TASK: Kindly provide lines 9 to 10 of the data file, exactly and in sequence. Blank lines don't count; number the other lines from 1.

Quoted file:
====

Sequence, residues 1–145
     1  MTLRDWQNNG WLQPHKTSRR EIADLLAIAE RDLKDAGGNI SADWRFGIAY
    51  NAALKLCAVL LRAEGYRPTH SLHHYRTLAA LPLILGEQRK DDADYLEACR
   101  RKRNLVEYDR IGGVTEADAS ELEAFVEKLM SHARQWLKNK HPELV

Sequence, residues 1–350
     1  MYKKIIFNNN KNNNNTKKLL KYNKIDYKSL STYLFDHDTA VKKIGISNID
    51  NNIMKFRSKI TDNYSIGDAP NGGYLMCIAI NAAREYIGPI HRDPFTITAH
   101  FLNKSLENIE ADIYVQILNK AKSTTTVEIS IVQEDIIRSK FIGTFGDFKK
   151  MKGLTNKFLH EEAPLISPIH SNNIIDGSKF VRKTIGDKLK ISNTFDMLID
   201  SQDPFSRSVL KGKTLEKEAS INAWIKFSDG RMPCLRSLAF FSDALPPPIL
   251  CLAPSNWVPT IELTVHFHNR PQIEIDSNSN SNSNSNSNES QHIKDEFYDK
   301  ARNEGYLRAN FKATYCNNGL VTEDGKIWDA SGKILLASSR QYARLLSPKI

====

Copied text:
   151  MKGLTNKFLH EEAPLISPIH SNNIIDGSKF VRKTIGDKLK ISNTFDMLID
   201  SQDPFSRSVL KGKTLEKEAS INAWIKFSDG RMPCLRSLAF FSDALPPPIL